The results on inequality are not as strong, but they do seem to suggest that the IT revolution has probably favored the most highly skilled workers at the expense of those with fewer skills. Thus, technological progress could be characterized as biased in favor of those with higher-level skills. Increasing openness to trade is associated with higher income inequality as industrial countries specialize in the production of skill-intensive goods. Employment-protection policies lower inequality.

The results suggest that the decline in labor’s share in the OECD member countries during the past few decades may have been an equilibrium, rather than a purely cyclical, phenomenon, as the distribution of national income between labor and capital adjusted to capital-augmenting technological progress and a more globalized world economy. One should, however, keep in mind that while labor’s share of national income, predominantly from wages and salaries, has been declining, the effect on workers’ wealth might have been smaller owing to the increasing direct and indirect ownership of equities by households.

This paper has looked at how globalization has affected the OECD countries in general. There are, however, some interesting cross-country variations that remain to be explained. It would also be interesting to expand the analysis to developing countries and see how globalization has affected their factor shares, although data limitations might make analysis of longer-term trends problematic.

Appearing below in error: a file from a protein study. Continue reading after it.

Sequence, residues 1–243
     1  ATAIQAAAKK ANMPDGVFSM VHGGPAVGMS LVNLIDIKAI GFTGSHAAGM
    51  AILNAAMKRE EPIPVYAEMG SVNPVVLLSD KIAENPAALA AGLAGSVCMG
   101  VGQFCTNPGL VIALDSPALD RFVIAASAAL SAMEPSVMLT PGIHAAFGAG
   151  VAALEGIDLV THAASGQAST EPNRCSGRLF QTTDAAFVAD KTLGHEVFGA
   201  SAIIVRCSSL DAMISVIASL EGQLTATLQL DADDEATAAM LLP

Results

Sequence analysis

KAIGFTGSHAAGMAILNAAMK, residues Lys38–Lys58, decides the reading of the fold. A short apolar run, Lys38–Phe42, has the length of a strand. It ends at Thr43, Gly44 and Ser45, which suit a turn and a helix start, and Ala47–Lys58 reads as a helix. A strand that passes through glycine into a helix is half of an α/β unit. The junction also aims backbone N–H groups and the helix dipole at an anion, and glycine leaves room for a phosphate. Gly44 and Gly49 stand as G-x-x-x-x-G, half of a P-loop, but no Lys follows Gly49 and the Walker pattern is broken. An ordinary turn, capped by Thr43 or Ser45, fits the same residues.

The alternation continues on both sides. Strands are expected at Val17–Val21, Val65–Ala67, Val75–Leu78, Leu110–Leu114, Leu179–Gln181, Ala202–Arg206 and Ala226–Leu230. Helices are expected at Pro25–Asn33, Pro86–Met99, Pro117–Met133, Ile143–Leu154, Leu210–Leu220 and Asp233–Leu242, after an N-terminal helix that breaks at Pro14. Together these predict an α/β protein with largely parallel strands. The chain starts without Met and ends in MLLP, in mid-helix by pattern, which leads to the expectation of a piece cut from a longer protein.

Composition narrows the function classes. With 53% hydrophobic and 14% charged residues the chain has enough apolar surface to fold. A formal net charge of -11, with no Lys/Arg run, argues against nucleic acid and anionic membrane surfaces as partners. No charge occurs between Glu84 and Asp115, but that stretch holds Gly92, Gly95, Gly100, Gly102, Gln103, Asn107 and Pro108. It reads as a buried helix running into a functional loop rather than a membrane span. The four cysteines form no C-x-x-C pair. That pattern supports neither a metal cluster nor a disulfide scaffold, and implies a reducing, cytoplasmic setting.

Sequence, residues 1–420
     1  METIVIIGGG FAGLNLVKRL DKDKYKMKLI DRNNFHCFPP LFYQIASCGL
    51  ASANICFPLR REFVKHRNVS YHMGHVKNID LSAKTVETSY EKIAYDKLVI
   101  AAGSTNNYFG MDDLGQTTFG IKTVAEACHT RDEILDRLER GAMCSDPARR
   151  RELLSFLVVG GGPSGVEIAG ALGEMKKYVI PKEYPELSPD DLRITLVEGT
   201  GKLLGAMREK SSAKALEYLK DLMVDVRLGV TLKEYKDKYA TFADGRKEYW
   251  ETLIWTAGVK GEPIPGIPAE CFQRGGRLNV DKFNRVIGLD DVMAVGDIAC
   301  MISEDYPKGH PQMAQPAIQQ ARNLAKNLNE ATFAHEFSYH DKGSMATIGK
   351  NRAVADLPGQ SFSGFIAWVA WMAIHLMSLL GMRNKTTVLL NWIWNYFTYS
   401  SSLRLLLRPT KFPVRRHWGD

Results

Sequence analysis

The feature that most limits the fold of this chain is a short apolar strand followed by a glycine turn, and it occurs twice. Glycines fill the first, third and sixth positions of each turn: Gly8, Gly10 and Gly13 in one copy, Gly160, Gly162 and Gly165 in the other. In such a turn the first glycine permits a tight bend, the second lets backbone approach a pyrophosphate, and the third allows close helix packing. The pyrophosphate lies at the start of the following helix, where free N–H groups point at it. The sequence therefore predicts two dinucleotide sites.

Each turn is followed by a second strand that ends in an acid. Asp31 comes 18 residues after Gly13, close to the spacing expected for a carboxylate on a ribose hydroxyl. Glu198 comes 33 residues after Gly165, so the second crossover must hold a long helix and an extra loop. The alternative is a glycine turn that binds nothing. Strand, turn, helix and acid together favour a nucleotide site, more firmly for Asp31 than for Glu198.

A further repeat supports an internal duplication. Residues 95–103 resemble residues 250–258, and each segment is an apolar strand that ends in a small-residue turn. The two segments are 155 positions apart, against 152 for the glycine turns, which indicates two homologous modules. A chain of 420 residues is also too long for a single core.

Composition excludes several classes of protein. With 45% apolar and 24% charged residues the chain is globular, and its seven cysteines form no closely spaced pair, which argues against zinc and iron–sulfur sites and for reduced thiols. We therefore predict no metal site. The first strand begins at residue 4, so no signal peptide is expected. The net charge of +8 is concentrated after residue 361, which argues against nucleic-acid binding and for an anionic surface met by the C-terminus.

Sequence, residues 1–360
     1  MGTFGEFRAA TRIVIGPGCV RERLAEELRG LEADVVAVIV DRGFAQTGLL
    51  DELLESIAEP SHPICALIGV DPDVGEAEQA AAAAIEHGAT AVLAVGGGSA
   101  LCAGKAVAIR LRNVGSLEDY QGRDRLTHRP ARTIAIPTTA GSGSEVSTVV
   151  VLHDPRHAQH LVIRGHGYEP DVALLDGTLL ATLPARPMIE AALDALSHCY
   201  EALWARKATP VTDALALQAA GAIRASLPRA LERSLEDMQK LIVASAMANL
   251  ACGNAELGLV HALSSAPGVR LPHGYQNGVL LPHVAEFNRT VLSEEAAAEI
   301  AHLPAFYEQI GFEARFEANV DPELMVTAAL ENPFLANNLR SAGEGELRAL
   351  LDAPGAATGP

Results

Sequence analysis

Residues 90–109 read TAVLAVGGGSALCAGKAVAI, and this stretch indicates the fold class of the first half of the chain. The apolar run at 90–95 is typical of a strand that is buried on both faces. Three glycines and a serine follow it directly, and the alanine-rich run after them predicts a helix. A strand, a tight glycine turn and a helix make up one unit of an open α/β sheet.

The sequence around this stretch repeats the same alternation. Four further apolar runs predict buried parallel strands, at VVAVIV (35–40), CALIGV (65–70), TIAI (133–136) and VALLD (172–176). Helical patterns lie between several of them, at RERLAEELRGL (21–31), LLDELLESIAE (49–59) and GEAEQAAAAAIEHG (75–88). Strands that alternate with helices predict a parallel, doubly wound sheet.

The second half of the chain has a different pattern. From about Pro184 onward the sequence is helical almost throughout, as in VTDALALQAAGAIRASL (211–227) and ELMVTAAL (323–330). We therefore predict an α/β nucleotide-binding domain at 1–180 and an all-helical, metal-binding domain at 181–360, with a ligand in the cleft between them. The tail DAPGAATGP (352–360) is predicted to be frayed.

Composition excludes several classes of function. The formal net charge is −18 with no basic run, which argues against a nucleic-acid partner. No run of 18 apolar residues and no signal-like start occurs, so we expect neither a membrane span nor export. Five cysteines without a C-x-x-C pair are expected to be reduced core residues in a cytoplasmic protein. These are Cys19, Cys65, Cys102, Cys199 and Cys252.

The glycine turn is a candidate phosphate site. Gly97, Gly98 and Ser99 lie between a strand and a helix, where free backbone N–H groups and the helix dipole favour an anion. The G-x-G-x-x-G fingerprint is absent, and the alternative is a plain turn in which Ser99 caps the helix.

Appendix I. Compensation Share

Figure A1.1Compensation Share: Actual and Fitted Values

(Ratio of employee compensation to national income)
(Ratio of employee compensation to national income)

Sources: OECD Structural Analysis Database and IMF staff calculations

Appendix II. A First Pass at Data: Bivariate Regression Results

Table A2.1Results of Bivariate Regression: Compensation Share:
Pre-IT/Globalization EraPost-IT/Globalization Era
LevelDeltaLevelDelta
Openness
(Exports+Imports)/GDP0.332***

(0.055)
0.012

(0.061)
-0.183***

(0.011)
-0.116

(0.049)
Trade w/Developing Countries0.105**

(0.057)
0.107

(0.068)
0.030

(0.048)
0.015

(0.089)
FDI/GDP-0.171**

(0.00)
0.023

(0.086)
-0.089***

(0.016)
-0.024

(0.032)
Productivity
Labor Productivity0.264***

(0.034)
0.111***

(0.032)
-0.186***

(0.15)
-0.295***

(0.093)
Labor Productivity per Worker0.329***

(0.051)
0.125**

(0.057)
-0.324***

(0.019)
-0.485***

(0.121)
Lagged Labor Productivity0.280***

(0.023)
0.003

(0.021)
-0.183***

(0.031)
0.011***

(0.003)
Lagged Productivity Per Worker0.347***

(0.024)
0.525***

(0.123)
-0.298***

(0.028)
-0.230***

(0.048)
Bargaining Power
Employment Protection0.006

(0.004)
0.014**

(0.005)
0.012

(0.012)
0.015

(0.054)
Union Density-0.056

(0.042)
-0.104***

(0.025)
-0.008

(0.067)
0.077

(0.056)
Table A2.2Results of Bivariate Regressions: Employment Share
Pre-IT/Globalization EraPost-IT/Globalization Era
LevelDeltaLevelDelta
Openness
(Exports+Imports)/GDP0.186***

(0.034)
-0.032**

(0.013)
-0.159*

(0.019)
-0.101**

(0.047)
Trade w/Developing Countries0.325***

(0.047)
0.141

(0.112)
-0.059

(0.044)
0.023

(0.044)
FDI/GDP0.010

(0.037)
-0.471***

(0.085)
-0.156***

(0.024)
-0.180

(0.080)
Productivity
Labor Productivity0.215***

(0.052)
0.007

(0.143)
-0.212**

(0.086)
-0.151

(0.110)
Labor Productivity per Worker0.263***

(0.076)
0.067

(0.139)
-0.365**

(0.142)